The Bureau of Economic Analysis’ second estimate of fourth quarter real GDP growth (the economic growth rate minus the inflation rate) came in at 2.2% -- revised downward from 2.6% in the initial estimate. The third quarter increased an outstanding 5%. The fourth quarter rate is more in line with what economists have been expecting as a yearly average. The fourth quarter lower real GDP growth was due to an upturn in imports, a downturn in federal government spending, and declines in nonresidential fixed investment and exports. These “negative” factors were partly offset by acceleration in consumption expenditures, a rise in private inventory investment, and growth in state and local government spending. Because the BEA fourth quarter number is weak, many analysts are still concerned that growth is too slow and the economic well being of many workers is not strong enough. While most economists are now more bullish on U.S. growth, there are significant international barriers to higher growth. These include slow to negative growth in the Eurozone countries, possible deflation there and in Japan, and slowing growth in China. Nevertheless, the February payroll employment report was extremely positive with 295,000 (SAAR) new non-farm jobs. Also, the most recent household survey for the unemployment rate came in at a new low of 5.5% -- the lowest rate since May 2008, just before the great recession started. However, this rate is now at a level where many economists consider the economy close to “full employment” and they are fearful that further declines in unemployment may set off wage inflation.
Most economists feel the labor market is getting stronger, but nothing like it was before the recession. There has been an increase of only 2% in hourly wages, over the past year; and, those increases have usually been in lower paid restaurant and retail jobs. Only 8,000 of the February new jobs were in manufacturing, likely due to weak global demand. Furthermore, jobs in mining and extraction industries (i.e., oil-and-gas extraction) fell by 9,300. So, we still have a mixed picture on the labor side.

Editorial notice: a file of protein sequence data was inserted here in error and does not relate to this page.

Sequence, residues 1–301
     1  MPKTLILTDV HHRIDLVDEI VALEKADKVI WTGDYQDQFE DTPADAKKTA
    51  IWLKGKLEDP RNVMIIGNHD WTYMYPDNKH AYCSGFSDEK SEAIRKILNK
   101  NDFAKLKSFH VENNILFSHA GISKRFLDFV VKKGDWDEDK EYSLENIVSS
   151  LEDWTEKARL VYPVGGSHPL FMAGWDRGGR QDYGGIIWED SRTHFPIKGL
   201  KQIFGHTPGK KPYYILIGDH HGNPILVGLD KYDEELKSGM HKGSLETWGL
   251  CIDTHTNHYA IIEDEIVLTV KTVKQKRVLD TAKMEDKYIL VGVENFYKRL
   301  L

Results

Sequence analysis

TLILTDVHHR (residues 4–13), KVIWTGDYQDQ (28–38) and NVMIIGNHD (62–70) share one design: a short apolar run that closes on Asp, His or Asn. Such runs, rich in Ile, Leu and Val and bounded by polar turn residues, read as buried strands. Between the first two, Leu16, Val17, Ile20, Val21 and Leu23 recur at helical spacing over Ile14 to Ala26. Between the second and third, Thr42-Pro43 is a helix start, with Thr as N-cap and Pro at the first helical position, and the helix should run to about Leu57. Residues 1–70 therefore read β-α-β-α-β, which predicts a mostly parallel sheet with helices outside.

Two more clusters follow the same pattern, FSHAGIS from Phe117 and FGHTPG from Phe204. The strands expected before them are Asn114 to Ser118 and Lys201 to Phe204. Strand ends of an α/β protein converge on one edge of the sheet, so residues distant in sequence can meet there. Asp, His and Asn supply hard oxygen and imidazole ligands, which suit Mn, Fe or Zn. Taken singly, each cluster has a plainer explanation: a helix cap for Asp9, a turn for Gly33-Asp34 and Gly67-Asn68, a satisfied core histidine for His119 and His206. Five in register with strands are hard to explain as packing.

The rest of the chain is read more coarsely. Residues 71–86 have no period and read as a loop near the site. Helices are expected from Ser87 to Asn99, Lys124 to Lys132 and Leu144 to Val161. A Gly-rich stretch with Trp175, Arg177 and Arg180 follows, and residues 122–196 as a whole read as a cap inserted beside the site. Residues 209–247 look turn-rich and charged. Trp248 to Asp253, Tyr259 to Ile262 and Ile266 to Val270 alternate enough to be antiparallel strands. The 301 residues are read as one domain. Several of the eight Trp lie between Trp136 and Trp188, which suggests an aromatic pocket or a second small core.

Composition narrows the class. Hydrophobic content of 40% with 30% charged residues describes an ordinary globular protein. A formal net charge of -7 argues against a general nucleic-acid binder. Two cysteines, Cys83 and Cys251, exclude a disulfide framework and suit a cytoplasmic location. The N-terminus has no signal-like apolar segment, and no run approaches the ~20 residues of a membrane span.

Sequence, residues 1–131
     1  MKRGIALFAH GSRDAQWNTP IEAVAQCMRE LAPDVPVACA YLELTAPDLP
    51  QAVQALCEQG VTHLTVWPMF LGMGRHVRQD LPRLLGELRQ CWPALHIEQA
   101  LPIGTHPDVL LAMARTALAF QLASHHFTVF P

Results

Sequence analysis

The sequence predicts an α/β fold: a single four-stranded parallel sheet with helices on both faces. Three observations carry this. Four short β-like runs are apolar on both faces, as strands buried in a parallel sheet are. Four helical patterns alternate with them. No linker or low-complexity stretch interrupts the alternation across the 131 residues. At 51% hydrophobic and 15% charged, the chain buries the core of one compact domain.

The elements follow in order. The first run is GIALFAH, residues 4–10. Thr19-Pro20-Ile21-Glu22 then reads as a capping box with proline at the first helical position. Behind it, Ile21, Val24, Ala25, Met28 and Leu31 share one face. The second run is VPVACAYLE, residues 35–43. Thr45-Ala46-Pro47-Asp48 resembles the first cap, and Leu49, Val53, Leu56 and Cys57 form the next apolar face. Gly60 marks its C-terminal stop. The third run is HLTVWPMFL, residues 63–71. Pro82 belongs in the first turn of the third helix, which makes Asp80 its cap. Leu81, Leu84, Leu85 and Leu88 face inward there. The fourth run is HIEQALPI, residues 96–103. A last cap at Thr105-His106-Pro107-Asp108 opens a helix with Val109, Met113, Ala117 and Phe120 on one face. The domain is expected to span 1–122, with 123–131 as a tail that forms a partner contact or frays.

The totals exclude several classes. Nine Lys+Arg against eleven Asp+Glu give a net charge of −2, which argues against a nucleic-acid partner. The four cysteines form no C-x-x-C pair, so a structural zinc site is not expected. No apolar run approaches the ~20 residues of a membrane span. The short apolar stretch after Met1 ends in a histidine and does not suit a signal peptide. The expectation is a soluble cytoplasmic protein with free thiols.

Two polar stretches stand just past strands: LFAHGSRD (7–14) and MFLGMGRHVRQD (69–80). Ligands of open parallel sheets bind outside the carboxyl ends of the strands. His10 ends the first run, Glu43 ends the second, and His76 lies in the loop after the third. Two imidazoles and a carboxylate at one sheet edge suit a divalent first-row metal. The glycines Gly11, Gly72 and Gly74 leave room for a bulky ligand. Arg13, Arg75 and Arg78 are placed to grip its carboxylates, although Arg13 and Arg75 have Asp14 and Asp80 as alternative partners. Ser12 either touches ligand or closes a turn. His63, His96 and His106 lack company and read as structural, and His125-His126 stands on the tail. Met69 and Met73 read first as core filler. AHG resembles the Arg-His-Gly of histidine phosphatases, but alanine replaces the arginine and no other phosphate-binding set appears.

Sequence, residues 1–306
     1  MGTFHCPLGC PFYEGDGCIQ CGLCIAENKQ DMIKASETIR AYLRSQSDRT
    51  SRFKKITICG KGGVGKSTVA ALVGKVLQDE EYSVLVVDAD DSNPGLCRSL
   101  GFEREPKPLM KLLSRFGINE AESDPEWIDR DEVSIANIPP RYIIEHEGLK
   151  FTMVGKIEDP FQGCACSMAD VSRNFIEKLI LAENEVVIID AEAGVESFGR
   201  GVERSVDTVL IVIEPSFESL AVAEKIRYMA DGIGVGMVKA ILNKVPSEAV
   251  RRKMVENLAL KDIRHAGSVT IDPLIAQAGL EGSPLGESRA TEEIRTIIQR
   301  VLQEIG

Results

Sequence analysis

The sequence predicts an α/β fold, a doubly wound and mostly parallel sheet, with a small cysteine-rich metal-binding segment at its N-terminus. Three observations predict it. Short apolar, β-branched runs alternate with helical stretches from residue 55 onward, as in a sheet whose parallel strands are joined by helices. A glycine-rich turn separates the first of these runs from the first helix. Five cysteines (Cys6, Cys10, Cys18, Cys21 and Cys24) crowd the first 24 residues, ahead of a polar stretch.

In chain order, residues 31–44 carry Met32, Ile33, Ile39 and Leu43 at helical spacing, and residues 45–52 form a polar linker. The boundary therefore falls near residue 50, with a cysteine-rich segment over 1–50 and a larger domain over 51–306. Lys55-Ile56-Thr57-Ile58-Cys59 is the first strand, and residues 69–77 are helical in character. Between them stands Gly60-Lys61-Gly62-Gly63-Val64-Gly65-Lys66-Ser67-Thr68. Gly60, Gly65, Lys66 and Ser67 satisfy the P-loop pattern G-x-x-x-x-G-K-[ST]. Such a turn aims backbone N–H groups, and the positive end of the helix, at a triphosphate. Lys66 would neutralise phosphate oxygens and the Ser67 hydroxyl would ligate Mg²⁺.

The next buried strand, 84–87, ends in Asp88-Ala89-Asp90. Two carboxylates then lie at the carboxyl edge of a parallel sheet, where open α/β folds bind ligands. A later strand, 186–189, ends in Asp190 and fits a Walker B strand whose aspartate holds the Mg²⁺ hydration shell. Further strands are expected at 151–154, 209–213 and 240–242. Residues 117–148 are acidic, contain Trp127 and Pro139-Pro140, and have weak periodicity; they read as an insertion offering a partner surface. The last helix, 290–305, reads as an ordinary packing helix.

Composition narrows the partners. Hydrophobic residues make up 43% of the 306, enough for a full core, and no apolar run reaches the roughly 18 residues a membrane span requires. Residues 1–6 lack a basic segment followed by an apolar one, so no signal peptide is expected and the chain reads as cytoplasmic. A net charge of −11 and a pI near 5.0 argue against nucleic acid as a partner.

Monetary Policy, Interest Rates and Inflation
The Fed continues to give assurances that it is likely to keep interest rates low through the next two meetings. Economists are split on whether they will push short-term rates up in early summer or wait until the fall. Inflation has been trending down due to declines in energy prices, Europe is heading into another recession, and China has a housing bubble and slowing growth rate. The European monetary authority is just starting bond and mortgage asset purchases from European banks, an application of the Fed’s quantitative easing policies of recent years. Hopefully, that will be effective in turning the Eurozone around. Recently, there was a move up in the 10-year Treasury to 2.39% —a recent high. In the second week of March, Freddie Mac national surveys put the 30-year fixed conforming mortgage rate at 3.86%, up from 3.75% in the first week of March. The 15-year fixed averaged 3.1%, the 5/1-year ARM was at 3.01% and the 1-Year ARM averaged 2.46%. While it is not likely that the Fed will push up interest rates over the next two months, it is possible the market will do the work for them. The U.S. stock markets continue to maintain high values although volatility has risen and is likely to continue.
The Bottom Line